3) Shareholders’ Extraordinary General Meeting (EGM)
The EGM is a meeting that can be convened at any time on matters that require the shareholders’ decision. These are decisions like altering the constitution or issuing new shares. The Companies Act requires either two directors or two members who hold 10 per cent or more of the share capital or who constitute not less than 5 per cent of the total number of members to convene the meeting.
Shareholders’ Meeting Procedure
Here are some guidelines to convene a Shareholders’ Meeting.
1) Notice of Meeting
The company needs to send the notice of meeting to all members and officers of the company. The duty to send out notices is usually handled by the company secretary.
The requirements are as follows:
a) The notice must specify the date, time and place of the meeting.
b) The notice must specify the reason for calling for the meeting and lay out the matters to be discussed at the meeting.
c) If there is a special resolution to be passed, the notice must specify the requirement for this special resolution and the details of the special resolution.
d) The notice must specify that if the member is unable to attend, a proxy can take his or her place.
e) The notice should be sent
– at least 14 days before the meeting if the meeting is to pass an ordinary resolution
– at least 21 days before the meeting if the meeting is to pass a special resolution
– at least 28 days before the meeting if the meeting has a special notice requirement.
The company can give shorter notice for its meetings if the members vote at a meeting and agree to it.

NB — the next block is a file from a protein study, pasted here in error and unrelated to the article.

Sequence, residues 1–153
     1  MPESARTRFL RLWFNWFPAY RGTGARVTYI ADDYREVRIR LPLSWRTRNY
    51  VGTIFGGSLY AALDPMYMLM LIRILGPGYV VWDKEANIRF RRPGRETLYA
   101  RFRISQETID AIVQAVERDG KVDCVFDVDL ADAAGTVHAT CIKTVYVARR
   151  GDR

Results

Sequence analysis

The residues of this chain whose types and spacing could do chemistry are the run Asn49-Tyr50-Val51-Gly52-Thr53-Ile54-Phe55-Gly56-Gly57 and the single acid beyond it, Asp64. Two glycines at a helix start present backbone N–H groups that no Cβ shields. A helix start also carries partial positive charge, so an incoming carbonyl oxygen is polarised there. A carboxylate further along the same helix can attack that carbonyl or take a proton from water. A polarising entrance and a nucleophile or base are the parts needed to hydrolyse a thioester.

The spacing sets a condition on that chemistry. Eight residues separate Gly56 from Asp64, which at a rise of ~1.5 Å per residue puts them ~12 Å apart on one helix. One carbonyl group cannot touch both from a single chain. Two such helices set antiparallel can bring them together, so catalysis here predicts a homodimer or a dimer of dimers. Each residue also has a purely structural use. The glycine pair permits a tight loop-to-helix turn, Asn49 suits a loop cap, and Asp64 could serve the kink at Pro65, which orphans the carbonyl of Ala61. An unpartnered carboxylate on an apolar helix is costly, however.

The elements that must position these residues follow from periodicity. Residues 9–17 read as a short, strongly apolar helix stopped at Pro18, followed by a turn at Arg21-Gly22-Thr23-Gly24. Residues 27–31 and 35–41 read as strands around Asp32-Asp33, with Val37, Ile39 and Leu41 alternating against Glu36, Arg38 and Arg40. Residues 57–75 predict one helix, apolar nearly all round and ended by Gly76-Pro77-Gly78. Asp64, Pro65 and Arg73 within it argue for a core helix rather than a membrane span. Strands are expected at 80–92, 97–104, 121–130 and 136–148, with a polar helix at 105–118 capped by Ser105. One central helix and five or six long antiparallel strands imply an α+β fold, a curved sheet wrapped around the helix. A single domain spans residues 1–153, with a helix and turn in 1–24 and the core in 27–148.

2) Medium to send Notice of Meeting
The notice can be sent electronically via email or fax or it can be sent using traditional methods like mail or registered mail. The medium to be used should be specified in the Constitution of the company.
The quorum of a meeting is the minimum number of members that are required to be present at a meeting so as to be valid in accordance with the law. In Singapore, this number is two. This number can differ if the Constitution of the company states differently.
A proxy is a person that is appointed by the member to attend the Shareholders’ Meeting. The proxy will also vote on matters that require voting during the meeting as though he were the shareholder. The proxy does not need to be a fellow shareholder of the company. In the Notice of Meeting, there should be a proxy form attached to it to allow the member to appoint a proxy.
5) Special Notices
In certain cases, the shareholders may wish to call for a meeting to propose a resolution. In this case, the shareholders will have to give a special notice to the company and the company will send this notice to all members at least 14 days before the meeting. The special notice is usually called for matters like passing resolutions to remove directors and/ or auditors from the company before their term of expiry.
When in doubt, seek legal advice or consult an experienced ACRA Filing Agent.
The editorial team at Acra Filing Agent